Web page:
For besieged pension fund, mixed messages from a $ 400,000 consultant
Even before an unsuccessful effort to oust the leaders of the giant pension fund PSERS showed a deep split in the plan’s board, the panel was fracturing.
To solve this problem, the 15-member board did what it often does – hired a consultant. He authorized the payment of nearly $ 400,000 last fall to a Michigan company specializing in the âgovernanceâ of state pensions.
The aim was to find a way to reach consensus, but so far the effort has provided ammunition to both sides in the division of the fund. A “preliminary recommendations” report, obtained by The Inquirer, recommends increasing the power of the same top executives that a block of board members wants to fire.
Perhaps this was not surprising, since these leaders have had an unusual influence and the final say in shaping what is supposed to be analysis for the board.
The stakes are high for PSERS, the $ 67 billion public school employee retirement system. The fund, one of the top 25 in the country, receives money from taxpayers, working teachers and its own returns on investment and sends more than $ 6 billion a year in retirement checks to 265,000 retirees.
This year, the system was faced with an FBI investigation examining the board’s erroneous adoption in December of an inflated number for its investment performance, as well as its purchases of real estate near its headquarters. The board has also faced other headaches, ranging from criticism of luxury travel for its investment staff to long-standing shortfall of $ 40 billion to meet future demands.
Frustration over low investment returns boiled over earlier this month when dissidents on the board unsuccessfully attempted to gain majority support to fire executive director Glen Grell and chief investment officer James H. Grossman Jr. In a sign of the deadlock on the panel, the same board there weren’t enough votes to fire the two men also didn’t have enough votes to approve the latest call from the same leaders for $ 1 billion in new investments.
PSERS spokeswoman Evelyn Williams said last week she had no comment on the consultant’s work pending a final report, due later this year.
One of the general conclusions of the draft report was that the agency needs a ‘cultural reset and governance transformation’ to ensure that unpaid board members perform. their responsibilities to taxpayers and retirees, rather than serving their own allies. The nominated and elected members come from various constituencies – legislative caucuses of the Democratic and Republican states, teachers’ unions, school boards, among which are among the most important.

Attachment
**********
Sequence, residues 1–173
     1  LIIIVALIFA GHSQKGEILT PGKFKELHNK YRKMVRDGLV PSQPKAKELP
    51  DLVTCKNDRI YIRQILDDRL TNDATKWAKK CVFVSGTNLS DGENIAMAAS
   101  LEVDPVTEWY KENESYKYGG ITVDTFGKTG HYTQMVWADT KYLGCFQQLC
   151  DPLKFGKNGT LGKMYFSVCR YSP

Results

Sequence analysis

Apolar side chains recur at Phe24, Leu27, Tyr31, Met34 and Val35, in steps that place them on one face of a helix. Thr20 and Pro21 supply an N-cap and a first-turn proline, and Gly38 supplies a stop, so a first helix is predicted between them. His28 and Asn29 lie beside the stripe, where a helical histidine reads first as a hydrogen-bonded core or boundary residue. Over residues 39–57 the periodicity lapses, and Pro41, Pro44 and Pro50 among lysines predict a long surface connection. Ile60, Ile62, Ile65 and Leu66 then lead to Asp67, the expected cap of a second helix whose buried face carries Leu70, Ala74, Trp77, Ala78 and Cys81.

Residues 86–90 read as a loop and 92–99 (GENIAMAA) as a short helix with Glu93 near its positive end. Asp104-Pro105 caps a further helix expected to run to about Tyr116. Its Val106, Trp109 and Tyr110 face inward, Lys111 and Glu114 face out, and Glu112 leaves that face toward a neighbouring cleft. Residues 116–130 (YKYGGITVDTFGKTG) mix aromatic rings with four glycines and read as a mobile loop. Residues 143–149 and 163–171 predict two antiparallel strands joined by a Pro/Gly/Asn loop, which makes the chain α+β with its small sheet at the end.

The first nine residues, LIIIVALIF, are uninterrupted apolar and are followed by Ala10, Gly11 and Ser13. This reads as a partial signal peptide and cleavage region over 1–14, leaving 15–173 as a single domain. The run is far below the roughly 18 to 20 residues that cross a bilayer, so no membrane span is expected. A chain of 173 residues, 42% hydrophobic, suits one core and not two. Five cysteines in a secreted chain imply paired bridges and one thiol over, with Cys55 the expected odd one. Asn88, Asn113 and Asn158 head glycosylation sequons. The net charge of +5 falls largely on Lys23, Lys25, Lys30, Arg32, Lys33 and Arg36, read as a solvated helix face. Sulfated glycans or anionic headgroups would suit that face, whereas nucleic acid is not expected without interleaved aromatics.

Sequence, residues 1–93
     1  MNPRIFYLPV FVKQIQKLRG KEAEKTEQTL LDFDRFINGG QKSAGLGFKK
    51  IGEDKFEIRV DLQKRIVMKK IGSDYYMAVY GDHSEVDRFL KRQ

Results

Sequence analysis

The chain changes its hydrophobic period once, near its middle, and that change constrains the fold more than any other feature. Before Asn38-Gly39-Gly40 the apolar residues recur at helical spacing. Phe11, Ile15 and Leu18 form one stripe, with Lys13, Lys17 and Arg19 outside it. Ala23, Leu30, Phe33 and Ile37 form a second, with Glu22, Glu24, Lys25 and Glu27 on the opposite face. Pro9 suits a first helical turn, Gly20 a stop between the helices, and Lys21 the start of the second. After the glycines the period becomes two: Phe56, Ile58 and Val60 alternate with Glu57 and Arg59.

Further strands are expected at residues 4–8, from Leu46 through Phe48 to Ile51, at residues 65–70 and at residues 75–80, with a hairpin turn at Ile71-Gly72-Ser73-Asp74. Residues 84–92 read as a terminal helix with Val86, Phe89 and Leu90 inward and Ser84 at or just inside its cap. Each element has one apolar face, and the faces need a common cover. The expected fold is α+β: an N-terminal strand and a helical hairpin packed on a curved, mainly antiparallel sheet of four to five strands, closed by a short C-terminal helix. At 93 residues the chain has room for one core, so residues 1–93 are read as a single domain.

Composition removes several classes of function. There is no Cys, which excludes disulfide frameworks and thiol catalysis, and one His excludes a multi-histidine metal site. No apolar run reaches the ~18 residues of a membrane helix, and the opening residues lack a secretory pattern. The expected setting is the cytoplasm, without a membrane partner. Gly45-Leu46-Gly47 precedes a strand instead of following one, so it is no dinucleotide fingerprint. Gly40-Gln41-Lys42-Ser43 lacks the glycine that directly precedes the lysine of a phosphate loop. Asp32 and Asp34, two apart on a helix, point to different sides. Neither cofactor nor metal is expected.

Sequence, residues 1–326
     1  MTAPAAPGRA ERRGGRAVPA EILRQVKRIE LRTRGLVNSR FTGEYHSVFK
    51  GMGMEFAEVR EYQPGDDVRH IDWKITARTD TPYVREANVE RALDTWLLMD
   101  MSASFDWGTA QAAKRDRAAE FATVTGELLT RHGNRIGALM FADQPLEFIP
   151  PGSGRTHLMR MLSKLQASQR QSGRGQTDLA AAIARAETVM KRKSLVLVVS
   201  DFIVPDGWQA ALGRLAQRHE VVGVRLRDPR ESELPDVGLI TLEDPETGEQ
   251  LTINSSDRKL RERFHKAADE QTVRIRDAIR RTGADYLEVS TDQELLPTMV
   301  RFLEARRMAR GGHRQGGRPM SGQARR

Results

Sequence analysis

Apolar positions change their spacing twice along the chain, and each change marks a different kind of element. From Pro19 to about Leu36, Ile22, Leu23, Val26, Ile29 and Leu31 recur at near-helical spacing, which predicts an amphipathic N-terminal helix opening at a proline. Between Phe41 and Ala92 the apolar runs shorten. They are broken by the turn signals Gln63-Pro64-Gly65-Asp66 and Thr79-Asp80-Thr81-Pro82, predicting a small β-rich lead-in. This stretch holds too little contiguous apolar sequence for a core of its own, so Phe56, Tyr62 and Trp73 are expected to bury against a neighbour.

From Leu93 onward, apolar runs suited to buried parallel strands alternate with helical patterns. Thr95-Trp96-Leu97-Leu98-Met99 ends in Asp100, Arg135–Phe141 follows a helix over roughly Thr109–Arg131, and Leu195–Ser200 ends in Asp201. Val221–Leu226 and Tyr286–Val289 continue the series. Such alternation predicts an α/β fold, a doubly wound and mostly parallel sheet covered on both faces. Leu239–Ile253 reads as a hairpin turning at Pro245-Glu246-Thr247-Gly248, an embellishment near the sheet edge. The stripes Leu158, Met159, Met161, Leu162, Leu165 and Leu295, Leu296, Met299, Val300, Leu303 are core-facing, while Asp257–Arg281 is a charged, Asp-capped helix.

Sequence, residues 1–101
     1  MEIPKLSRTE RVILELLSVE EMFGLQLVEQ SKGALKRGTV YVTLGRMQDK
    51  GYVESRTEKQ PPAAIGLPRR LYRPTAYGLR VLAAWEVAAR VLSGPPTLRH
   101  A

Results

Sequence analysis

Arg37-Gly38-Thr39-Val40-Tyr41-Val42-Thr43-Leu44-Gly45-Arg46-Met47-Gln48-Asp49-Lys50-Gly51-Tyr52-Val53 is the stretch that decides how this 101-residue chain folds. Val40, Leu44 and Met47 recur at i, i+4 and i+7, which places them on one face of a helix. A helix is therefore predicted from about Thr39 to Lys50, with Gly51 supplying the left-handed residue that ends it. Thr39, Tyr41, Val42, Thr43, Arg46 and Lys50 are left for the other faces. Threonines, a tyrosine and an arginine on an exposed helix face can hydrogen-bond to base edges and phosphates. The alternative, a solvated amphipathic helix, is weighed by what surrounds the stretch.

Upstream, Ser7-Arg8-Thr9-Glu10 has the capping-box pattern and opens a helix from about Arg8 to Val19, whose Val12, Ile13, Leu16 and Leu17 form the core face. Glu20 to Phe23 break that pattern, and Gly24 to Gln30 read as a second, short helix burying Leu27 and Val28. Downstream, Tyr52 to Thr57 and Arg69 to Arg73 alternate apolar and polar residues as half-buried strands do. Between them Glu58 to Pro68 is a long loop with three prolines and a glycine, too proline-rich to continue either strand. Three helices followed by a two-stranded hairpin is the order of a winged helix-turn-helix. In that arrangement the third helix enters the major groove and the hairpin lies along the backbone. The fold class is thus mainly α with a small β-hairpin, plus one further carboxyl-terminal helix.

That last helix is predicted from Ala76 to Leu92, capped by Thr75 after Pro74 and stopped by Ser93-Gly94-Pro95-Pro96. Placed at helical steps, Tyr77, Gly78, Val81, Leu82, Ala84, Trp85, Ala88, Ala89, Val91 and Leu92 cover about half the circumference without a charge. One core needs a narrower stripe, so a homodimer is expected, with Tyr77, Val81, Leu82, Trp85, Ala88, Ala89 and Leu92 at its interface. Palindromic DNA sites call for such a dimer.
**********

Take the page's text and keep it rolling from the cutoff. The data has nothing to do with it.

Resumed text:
The draft was produced by Funston Advisory Services, a leader in its niche of providing governance advice to public pension plans. The firm, based in a suburb of Detroit, was founded a decade ago by Frederick Funston, a former executive at giant consulting firm Deloitte. For Deloitte, he was the ânational practice leaderâ in governance and ârisk oversight,â says Funston Advisory.
In his preliminary report, Funston warned that “a persistent lack of board cohesion will destabilize the system and adversely affect its performance.” The project said the panel spent too much time relative to other pension funds on the details of individual investments and too little charting general policy.
He also cautioned against âmanagement capture / control potential,â his expression for a danger that paid staff take over decisions that should be made by the board. Tellingly, he said it was not clear whether the PSERS consultants worked for the board or for the staff.
These issues happened to be the main complaints of the dissenting board members. In their public letter calling for a management reshuffle, six board members led by state treasurer Stacey Garrity described PSERS staff as having usurped the powers of the PSERS board. Dissenters complained that leaders delayed giving information to the board, controlled the selection of staff and consultants, and even fired dissenting board members to the media.
But even though reports cited a need for âindependenceâ on the part of the PSERS board, the draft advised other measures that would increase staff powers. In particular among them: that the leaders be authorized to choose numerous investments without the approval of the board of directors.
He also said that the PSERS, depending on $ 5 billion in taxpayer money a year, should have unlimited power to hire and set salaries, without the current procedures under which other senior officials l ‘State review these decisions.
Funston’s employment contract included provisions that have troubled other corporate governance experts. The pact, posted on a state website, stipulated that senior PSERS officials would oversee Funston’s review “without limitation” – and that the consultant’s reports would be “subject to review, review and for the approval of the management of the PSERS â.
In contrast, Funston contracts with other funds, including PSERS’s sister fund – SERS, the state’s workers’ pension scheme – called on the company to report directly to boards.
Staff approval of board material would not fly in American companies, says Charles Elson, a professor of management at the University of Delaware and a corporate governance consultant. âA governance report on the board of directors is sent to the board of directors,â he said. âThis should not be subject to staff review. “
Chris Tobe, a former Kentucky government auditor and pension board member, agreed. (Now a consultant, he was part of a rival group that bid for the governance review post, but lost to Funston.) âThis contract is designed to prevent independent reporting,â Tobe said.
When asked about the requirement for staff to have this kind of oversight, consultant Funston said he was not ready to respond. “The final report has not been submitted,” he said.